Litchfield school audit details path to get out of debt
LITCHFIELD -- A financial audit shows the Litchfield School District is on the right path for getting out of statutory operating debt. It was around Thanksgiving Day a year ago that the district was placed into statutory operating debt, which mea...
LITCHFIELD -- A financial audit shows the Litchfield School District is on the right path for getting out of statutory operating debt.
It was around Thanksgiving Day a year ago that the district was placed into statutory operating debt, which means its unreserved fund balance is a negative amount that exceeds 2.5 percent of expenditu-res. The district is red-ucing ex-penses and increasing revenues in order to leave statutory operating debt.
The audit presented to the school board this week shows that the district "stopped the bleeding," Superintendent Bill Wold said. A plan was developed last year to get the district out of debt in three years.
The first year the district "made some cuts on the fly," Wold said. Because it was midway through the school year, it was impossible to lay off teachers, but the district cut staff development, eliminated the activity bus and removed field trips from the general fund.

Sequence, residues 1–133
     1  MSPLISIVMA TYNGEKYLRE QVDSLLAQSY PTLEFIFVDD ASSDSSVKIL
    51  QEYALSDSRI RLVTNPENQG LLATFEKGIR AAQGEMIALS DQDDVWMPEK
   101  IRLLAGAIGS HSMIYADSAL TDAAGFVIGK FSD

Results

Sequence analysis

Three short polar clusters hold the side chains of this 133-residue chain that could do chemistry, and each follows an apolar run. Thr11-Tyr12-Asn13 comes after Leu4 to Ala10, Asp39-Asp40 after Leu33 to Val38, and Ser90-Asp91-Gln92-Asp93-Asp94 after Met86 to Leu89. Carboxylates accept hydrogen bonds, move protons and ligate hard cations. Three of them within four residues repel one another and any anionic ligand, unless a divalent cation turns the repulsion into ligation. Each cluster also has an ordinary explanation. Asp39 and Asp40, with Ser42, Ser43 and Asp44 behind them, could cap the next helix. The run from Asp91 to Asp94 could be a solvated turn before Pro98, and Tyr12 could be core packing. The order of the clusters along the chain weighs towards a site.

This year $370,000 was cut from the budget by eliminating four teachers, reducing bus routes and supply budgets, delaying the curriculum review cycle and increasing activity fees.
Another set of reductions would have been implemented if voters had not approved an excess levy in May.
The seven-year levy will generate $660,000 each year. Revenue from that levy won't arrive in the district, however, until the 2010-11 school year.
Wold said getting out of statutory operating debt "will be close" next school year and "for sure" the following year.
The financial information that was presented to the board during the audit report Monday was not new to the board members, who had worked closely with the debt plan. But Wold said it confirmed the district is doing what needs to be done to get out of debt.
The district's progress is also filed with the Minnesota Department of Education, Wold said. "They also have another set of eyes on the plan."